Cubs face more questions than answers as spring looms originally appeared on NBC Sports Chicago
One eye on the future and one eye on competing in 2021? Changing only one name in a lineup that needed a new look, if not an overhaul by the end of last season? Gutting a pitching staff by replacing $53 million worth of departing free-agent starters with a $2.5 million Pirates castoff? AND trading a Cy Young runner-up for one year of Zach Davies?
How much optimism can Cubs president Jed Hoyer still maintain for competing in the National League Central in 2021 after a winter like that — a winter that also included the best third baseman in the game landing with the rival Cardinals?
Imagine all those questions packed into an actual single query from a long-winded press box wag barely a week before spring training opens.
“That was a fun question to answer,” Hoyer said.
Wait till next week, when pitchers and catchers report for Spring Training and the “fun” really begins for a defending division champion that has serious pitching issues and a roster of hitters with service-time clocks ticking so fast it sounds like a time bomb that could go off at any moment in a big-name trade that rocks the clubhouse and fan base.
Will former MVP Kris Bryant still be around by the time the first full-squad workouts start Feb. 22? Hoyer said he recently talked to Bryant and that the three-time All-Star “is in a really good place [mentally].”
What about All-Star catcher Willson Contreras, former MVP runner-up and Gold Glove shortstop Javy Baez? If extensions can’t get done for them, or cornerstone first baseman Anthony Rizzo, during camp, will they go to the highest bidders at the trade deadline?
And what about a second, longer battle to keep COVID-19 out of the clubhouse as the Cubs open camp in hot-spot Arizona?
Talk about fun.
Talk about a spring training like nothing anybody on this team has ever experienced — and a set of outside expectations like nobody in these parts have seen since Theo Epstein was trading Jeff Samardzija to the West Coast on the Fourth of July six years ago.
According to fangraphs.com, the Cubs are headed to their first losing season since 2014. According to the PECOTA projections, they’re somehow going to win more games than the consensus-favorite Cardinals in a tightly packed division.
About the only thing we know to expect is that Hoyer said he’s not done adding pitching — and would specifically like to add another starter.
“I do like our offense. We have a lot of All-Star-caliber, great players at different positions,” said Hoyer, who already was forced to non-tender Kyle Schwarber under a mandate to significantly cut payroll this winter (replacing him with free agent Joc Pederson). “Listen, we just straight-out underperformed last year. There’s no way around it.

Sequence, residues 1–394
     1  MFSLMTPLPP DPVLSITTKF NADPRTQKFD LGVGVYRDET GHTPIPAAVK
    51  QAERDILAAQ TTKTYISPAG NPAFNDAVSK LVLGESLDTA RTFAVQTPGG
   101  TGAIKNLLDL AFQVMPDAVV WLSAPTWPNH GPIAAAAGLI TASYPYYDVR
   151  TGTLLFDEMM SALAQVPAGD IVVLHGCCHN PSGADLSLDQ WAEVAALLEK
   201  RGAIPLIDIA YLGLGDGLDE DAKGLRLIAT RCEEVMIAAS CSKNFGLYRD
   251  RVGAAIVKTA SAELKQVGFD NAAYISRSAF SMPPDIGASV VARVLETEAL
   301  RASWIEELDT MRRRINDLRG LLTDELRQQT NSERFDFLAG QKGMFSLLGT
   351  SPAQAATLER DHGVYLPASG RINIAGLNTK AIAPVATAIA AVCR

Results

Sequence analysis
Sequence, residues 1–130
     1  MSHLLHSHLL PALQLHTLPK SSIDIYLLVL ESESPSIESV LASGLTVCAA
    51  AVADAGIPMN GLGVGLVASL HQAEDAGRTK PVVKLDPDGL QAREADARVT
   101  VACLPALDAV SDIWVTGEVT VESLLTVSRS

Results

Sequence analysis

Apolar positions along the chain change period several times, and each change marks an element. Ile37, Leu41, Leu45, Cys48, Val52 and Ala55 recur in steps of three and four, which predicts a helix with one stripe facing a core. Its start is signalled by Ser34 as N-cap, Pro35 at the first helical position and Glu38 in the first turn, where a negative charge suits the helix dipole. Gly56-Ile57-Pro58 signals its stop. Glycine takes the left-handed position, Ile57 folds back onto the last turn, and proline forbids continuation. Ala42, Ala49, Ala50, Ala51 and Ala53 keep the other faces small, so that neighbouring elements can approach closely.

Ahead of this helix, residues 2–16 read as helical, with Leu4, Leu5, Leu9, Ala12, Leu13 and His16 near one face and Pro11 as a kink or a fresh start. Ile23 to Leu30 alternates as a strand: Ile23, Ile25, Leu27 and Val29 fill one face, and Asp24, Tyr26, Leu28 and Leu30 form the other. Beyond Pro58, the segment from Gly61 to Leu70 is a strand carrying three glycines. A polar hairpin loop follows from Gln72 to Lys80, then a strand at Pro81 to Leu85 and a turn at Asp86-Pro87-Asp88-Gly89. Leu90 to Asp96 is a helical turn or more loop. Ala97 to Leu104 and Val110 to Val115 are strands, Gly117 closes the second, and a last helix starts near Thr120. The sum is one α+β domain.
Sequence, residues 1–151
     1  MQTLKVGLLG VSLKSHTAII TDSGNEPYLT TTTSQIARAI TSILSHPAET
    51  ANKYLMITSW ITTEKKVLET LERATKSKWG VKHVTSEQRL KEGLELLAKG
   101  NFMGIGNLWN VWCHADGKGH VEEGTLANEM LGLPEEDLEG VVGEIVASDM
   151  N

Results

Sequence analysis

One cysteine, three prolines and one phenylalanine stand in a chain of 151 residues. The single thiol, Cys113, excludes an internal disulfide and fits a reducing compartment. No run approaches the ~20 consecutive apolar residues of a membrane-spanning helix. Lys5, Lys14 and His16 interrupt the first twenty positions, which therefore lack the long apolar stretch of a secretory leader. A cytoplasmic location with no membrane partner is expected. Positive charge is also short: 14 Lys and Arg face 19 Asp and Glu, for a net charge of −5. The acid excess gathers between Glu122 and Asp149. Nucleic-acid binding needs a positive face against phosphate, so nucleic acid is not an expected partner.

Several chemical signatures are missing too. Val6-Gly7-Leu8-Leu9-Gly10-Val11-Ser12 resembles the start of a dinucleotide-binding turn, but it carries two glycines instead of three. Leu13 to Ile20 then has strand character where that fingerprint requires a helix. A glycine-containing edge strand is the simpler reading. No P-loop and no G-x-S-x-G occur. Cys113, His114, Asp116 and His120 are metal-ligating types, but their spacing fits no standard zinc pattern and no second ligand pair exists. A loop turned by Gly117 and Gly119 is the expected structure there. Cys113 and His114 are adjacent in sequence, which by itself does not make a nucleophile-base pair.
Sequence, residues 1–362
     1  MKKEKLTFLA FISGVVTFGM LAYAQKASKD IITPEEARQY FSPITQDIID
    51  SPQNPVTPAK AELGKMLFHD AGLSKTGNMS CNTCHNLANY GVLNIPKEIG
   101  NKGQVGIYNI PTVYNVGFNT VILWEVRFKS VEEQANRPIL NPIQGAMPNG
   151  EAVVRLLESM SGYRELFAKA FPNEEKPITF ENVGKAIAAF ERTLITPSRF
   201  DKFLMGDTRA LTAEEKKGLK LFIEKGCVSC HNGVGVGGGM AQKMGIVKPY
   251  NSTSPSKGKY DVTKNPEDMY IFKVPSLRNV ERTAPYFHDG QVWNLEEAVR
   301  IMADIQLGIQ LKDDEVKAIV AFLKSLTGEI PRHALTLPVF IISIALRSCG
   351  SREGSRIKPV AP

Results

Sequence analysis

“Do I believe that that group is going to struggle the same way? I don’t. Maybe that’s stubbornness, or maybe just looking at the backs of their baseball cards,” he said. “But I have a hard time believing this group of players with a lot of guys in walk years is going to struggle that way. I have a lot of optimism about the offense.
“Pitching, that’s a concern.”
Assuming the lineup stays together and healthy into the start of the season, this is where the fun begins for the Cubs. According to fangraphs,com, only the Pirates have worse pitching in the five-time NL Central. And the Pirates are tanking.
No more Yu Darvish, Jon Lester, Jose Quintana or even Tyler Chatwood in a rotation that has been the backbone of six consecutive winning seasons.
Kyle Hendricks and Alec Mills return to the rotation, joined by command-guy newcomers Davies and Trevor Williams, along with stuff-guy prospect Adbert Alzolay, non-roster veteran Shelby Miller and whoever Hoyer is able to add in the 11th hour.
“That’s something we have to continue to add,” Hoyer said. “We’re going to need some really good performances out of people.
“If there’s an area that sort of — I don’t know if it keeps me up at night — but that I wake up in the morning and think about how to deal with, it’s definitely the pitching.”
Hoyer expects to lean on what has been a successful pitching “infrastructure” like few other seasons, and said he believes Williams, in particular, can benefit from that to bounce back from a 5.60 ERA and negative WAR over the past two seasons.
Left unsaid during a 40-minute Zoom with media this week was the cost-cutting that has defined the pandemic winter for the big-bucks Cubs, the clear rebuilding mode that Hoyer has been forced into and the biggest question of all to answer: When will the Cubs have the look and swagger of a big-market club again?
When Hoyer finds out, he might actually have some fun answering that one.